From engineering to coaching

Timestamp 03:14

Katherine Crewe began her career as a biomedical engineer. After exploring options for a new career path, she was led to TEC-Canada. Katherine shares how TEC-Canada contacted her by chance and she embraced the opportunity. At TEC-Canada, she found her passion for pushing clients to “elevate their game.”

During Katherine's career in biomedical engineering, she learned how to dig beneath emotions and focus on the factual background of problems to find solutions. This skill has allowed her to become a unique support line for clients—allowing them to see beyond their emotion and into the logic of a situation.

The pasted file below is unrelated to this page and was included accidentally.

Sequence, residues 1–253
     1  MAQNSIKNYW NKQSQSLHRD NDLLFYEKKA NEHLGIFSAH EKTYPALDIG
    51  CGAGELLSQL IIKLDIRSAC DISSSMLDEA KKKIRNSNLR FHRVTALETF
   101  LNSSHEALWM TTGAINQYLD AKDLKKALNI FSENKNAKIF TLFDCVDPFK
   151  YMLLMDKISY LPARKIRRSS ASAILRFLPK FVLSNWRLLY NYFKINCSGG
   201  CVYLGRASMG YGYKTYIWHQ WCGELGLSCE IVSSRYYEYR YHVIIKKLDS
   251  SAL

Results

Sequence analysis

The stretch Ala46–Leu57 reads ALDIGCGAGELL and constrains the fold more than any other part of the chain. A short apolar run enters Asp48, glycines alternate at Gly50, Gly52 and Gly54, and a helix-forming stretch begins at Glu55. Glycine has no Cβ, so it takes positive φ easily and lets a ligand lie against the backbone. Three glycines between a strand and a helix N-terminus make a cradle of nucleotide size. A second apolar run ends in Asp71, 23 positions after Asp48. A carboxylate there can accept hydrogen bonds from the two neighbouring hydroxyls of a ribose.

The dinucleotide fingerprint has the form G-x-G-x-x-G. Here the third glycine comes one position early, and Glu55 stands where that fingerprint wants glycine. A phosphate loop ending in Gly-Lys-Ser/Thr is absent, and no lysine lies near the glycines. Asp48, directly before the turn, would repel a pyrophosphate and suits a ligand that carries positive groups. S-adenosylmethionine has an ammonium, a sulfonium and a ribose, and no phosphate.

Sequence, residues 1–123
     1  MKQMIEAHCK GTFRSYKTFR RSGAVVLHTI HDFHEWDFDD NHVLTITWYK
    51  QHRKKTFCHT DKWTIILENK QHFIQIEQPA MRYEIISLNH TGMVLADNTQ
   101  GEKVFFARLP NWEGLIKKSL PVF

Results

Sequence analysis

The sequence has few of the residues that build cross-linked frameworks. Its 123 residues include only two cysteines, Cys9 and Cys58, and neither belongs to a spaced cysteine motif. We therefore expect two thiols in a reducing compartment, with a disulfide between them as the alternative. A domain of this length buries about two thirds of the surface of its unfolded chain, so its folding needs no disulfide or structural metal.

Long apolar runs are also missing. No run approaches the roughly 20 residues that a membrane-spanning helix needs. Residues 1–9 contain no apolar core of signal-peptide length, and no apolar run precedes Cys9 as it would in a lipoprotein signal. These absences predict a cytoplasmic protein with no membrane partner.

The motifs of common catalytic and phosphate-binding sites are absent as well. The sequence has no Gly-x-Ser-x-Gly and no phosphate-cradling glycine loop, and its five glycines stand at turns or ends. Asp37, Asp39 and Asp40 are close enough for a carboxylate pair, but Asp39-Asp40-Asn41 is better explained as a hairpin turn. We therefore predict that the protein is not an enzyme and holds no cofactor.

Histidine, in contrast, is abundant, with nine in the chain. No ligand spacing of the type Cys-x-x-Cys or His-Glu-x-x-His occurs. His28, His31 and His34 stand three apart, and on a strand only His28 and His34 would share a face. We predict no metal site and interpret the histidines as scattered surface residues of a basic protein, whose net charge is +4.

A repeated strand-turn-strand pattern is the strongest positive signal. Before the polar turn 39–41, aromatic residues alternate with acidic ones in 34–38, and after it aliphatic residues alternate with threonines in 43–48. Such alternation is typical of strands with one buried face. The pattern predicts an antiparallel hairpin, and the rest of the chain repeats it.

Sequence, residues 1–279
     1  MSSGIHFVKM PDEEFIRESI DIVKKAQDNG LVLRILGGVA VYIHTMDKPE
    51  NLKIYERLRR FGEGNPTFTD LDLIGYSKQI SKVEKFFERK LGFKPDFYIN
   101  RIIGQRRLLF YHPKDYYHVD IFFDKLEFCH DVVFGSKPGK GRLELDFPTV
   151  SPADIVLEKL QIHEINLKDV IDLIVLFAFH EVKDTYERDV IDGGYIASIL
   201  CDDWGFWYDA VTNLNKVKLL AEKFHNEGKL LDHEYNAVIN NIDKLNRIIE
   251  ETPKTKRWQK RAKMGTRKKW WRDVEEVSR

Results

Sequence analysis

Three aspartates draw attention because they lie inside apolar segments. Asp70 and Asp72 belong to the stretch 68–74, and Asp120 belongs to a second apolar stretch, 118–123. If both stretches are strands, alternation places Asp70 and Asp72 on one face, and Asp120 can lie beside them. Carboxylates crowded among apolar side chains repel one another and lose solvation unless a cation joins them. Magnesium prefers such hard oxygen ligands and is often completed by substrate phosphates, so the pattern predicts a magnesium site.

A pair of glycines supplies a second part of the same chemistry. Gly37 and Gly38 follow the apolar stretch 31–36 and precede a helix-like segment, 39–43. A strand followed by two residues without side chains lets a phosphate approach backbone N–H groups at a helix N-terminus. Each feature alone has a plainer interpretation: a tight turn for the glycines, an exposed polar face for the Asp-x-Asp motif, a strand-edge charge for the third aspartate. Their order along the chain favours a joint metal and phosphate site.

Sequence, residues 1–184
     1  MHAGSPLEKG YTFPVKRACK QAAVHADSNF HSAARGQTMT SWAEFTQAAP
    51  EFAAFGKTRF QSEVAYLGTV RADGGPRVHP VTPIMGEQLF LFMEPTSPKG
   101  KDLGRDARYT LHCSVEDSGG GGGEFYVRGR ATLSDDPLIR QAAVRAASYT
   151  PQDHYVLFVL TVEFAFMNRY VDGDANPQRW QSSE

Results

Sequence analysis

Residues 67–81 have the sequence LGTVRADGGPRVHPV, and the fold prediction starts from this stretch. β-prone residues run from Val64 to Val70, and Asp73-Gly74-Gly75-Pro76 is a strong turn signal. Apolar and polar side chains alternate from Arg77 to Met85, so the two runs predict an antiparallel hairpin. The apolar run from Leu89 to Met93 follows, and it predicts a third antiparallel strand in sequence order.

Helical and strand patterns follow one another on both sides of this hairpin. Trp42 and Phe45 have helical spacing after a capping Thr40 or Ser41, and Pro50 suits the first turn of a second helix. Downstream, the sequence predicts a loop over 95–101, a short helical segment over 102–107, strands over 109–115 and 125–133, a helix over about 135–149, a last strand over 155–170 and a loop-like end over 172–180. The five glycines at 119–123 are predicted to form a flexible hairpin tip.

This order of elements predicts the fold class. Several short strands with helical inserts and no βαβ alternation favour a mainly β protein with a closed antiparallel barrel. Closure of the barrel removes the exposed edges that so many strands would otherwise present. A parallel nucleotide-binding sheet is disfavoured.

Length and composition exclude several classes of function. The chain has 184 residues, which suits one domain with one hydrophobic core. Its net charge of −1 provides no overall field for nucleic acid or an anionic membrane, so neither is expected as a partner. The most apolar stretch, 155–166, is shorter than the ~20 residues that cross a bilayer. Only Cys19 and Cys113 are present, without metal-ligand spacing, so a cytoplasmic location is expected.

Experience in groups

Timestamp 06:16

Severin and Katherine share their experiences with different personalities in groups. Katherine elaborates on how she divides her groups, but maintains the diversity within them. The clients Katherine serves are not specifically from engineering fields, but from all backgrounds and walks of life. Katherine and Severin share the importance of asking questions and actively listening in group situations.

Following your own path

Timestamp 10:44

Katherine reflects on her coaching career and wishes she followed her own path sooner. She states that although many trainings and tools are provided to TEC-Canada Chairs, it is just as important to be yourself, listen, and follow the flow of the conversation between you and your clients.